Fibrous and Fibrohistiocytic Lesions


Chapter 9

Fibrous and Fibrohistiocytic Lesions



Nonossifying Fibroma (Fibrous Cortical Defect)




Definition


The terms nonossifying fibroma (nonosteogenic fibroma), fibrous cortical defect, and metaphyseal fibrous defect have been applied to the same metaphyseal fibrohistiocytic process. The location of the lesion in the growing portions of long tubular bones of skeletally immature patients and its frequent spontaneous resolution indicate that it represents a self-limiting process most likely related to incomplete ossification.



Incidence and Location


The peak age incidence and the most frequent sites of skeletal involvement are shown in Figure 9-1. Radiographic evidence of fibrous cortical defect of long tubular bones can be found in approximately 30% of young individuals with unfused growth plates.7,16,17,34,41 The majority of lesions are asymptomatic and are incidental radiographic findings. A small percentage of these lesions can produce larger lytic defects that can become symptomatic. The larger ones are prone to pathologic fracture and may require prophylactic curettage.3,10,29 The peak incidence is in the second decade of life. The distal femoral metaphysis is the most common site. The second most frequent site is the proximal tibial metaphysis followed by the distal tibial metaphysis. Nonossifying fibroma occurs less commonly in the upper extremity, where it may be found in the proximal humerus and distal radius. Occasionally the lesions may be multifocal, simultaneously involving several symmetric metaphyseal sites, most frequently in the long bones of the lower extremity.27 The lesion is metaphyseal but can also involve the diaphysis. Its long axis is parallel to the long axis of the affected bone. The radiographic findings are specific, and the diagnosis can be made with certainty if the lesion is present in a typical skeletal site and appropriate age group. On this basis, such a lesion can be observed untreated. The rarity of both fibrous cortical defects and nonossifying fibroma on radiographs of adults is indirect evidence of a natural history characterized by spontaneous regression of most of these lesions over time.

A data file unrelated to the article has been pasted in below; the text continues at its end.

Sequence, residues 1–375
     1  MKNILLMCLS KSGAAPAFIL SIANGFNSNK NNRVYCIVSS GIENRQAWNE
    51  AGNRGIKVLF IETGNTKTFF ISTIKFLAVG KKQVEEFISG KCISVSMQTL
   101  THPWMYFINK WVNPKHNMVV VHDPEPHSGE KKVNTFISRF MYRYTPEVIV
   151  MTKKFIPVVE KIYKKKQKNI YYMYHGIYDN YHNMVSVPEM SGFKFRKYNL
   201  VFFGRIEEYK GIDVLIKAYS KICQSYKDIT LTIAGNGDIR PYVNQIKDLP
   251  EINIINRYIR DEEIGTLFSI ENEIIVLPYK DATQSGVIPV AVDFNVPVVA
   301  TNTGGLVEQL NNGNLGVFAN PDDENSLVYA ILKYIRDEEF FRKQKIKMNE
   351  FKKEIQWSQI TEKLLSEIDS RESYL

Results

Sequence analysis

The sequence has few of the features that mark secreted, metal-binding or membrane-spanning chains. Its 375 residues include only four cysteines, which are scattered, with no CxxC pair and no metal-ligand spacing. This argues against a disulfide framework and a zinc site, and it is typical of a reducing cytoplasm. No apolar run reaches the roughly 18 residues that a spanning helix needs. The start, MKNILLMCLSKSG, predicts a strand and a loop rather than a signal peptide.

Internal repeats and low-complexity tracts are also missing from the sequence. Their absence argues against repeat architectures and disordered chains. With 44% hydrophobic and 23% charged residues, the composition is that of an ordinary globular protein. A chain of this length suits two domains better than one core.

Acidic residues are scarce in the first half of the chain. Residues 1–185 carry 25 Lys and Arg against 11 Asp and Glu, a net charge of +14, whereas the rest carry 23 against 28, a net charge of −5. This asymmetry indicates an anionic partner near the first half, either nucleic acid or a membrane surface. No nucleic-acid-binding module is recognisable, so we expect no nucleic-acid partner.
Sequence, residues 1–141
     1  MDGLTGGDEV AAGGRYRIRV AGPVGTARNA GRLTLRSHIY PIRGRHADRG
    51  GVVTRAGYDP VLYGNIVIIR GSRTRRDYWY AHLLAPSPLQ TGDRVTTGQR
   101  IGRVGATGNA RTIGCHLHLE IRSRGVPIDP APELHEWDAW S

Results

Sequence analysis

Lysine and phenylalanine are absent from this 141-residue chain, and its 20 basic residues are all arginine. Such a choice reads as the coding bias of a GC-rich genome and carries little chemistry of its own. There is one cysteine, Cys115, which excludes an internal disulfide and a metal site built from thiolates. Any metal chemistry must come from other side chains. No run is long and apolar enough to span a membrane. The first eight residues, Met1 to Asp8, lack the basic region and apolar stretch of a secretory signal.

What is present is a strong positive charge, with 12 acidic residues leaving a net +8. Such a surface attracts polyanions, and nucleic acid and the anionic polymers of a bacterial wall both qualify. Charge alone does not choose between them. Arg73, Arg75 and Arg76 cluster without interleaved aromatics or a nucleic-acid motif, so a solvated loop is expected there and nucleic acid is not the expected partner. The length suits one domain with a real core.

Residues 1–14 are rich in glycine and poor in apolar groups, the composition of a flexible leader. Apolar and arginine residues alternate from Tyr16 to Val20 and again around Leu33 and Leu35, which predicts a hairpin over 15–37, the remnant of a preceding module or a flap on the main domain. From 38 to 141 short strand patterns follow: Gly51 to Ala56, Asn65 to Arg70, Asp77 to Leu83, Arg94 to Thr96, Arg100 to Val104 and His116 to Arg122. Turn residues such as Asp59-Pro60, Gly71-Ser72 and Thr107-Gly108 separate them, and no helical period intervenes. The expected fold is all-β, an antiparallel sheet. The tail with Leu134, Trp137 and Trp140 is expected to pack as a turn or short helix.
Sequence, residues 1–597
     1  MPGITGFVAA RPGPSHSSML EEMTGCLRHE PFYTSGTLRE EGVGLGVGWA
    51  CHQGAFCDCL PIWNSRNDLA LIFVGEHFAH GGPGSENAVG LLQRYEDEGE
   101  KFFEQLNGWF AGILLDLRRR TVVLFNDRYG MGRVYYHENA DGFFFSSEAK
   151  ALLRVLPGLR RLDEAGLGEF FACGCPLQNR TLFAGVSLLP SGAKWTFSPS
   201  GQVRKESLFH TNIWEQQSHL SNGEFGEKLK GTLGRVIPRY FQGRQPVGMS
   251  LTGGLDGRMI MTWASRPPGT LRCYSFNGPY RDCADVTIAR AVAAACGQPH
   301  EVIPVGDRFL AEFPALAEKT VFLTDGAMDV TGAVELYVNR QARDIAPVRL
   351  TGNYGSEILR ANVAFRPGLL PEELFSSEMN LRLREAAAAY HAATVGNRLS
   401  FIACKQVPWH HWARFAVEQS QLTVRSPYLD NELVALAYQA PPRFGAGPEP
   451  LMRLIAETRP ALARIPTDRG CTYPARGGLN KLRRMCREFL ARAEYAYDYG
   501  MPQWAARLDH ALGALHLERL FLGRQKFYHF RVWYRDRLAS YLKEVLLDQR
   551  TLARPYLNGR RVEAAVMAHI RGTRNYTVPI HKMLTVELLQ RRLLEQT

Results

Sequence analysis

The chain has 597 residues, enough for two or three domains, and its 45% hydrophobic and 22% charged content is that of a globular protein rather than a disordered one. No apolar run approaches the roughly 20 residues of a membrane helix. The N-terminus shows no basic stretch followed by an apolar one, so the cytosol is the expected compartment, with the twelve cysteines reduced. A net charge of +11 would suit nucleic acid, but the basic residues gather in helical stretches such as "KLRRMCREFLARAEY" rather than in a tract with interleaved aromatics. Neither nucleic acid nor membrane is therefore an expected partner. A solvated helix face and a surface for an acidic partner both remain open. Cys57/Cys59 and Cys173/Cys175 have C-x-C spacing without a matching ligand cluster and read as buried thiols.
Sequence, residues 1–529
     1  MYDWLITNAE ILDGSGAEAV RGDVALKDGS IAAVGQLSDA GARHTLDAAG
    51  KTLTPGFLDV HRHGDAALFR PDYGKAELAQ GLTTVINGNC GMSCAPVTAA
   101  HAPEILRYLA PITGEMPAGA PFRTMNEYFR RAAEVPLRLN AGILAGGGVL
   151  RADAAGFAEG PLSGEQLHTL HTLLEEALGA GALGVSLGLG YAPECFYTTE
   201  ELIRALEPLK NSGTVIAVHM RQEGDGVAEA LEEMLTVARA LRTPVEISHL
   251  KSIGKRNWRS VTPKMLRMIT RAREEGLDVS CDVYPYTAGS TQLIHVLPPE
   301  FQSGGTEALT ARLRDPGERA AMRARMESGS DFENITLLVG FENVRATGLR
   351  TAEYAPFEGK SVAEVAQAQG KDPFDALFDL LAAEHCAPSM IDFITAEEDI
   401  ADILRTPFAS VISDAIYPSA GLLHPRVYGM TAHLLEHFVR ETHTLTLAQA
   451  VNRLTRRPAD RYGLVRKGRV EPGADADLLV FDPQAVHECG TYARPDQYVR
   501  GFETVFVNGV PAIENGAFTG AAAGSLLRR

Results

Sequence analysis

Radiographic Imaging


Metaphyseal fibrous defect produces an eccentric cortical-based lytic lesion with distinct and frequently scalloped, sclerotic margins (Figs. 9-2 to 9-6).4,7,13,16,20,32 The cortex overlying the lesion is usually minimally to moderately expanded and markedly thinned but intact (Figs. 9-2 to 9-5). There is no matrix mineralization, but in older patients evidence of bone sclerosis can accompany healing of the lesion. The distance from the growth plate usually increases with age and in older adolescents.30,39 The lesion appears to migrate in a shaftward direction as a result of skeletal growth. The lesions typically are lytic. Incomplete trabeculation is frequently seen and is accentuated in the peripheral parts of the defect (Figs. 9-3 and 9-4). Older lesions may show prominent marginal or intralesional sclerosis (Figs. 9-4 and 9-5). In smaller bones, such as the fibula, an eccentric location is less common, and the lesion may appear as a central, expansile trabeculated lytic defect (Fig. 9-2). Pathologic fracture is a frequent presenting sign (Fig. 9-7). Computed tomography (CT), magnetic resonance imaging (MRI), or both modalities can precisely document the relationship between the lesion, the medullary cavity, the cortex, and the periosteum (Figs. 9-4 to 9-6).15,18,31 These imaging techniques show that the lesion represents an eccentric defect delineated from the medullary cavity by a rim of sclerotic bone and covered by a thinned, intact cortical bone and periosteum (see Figs. 9-4 to 9-6).










Microscopic Findings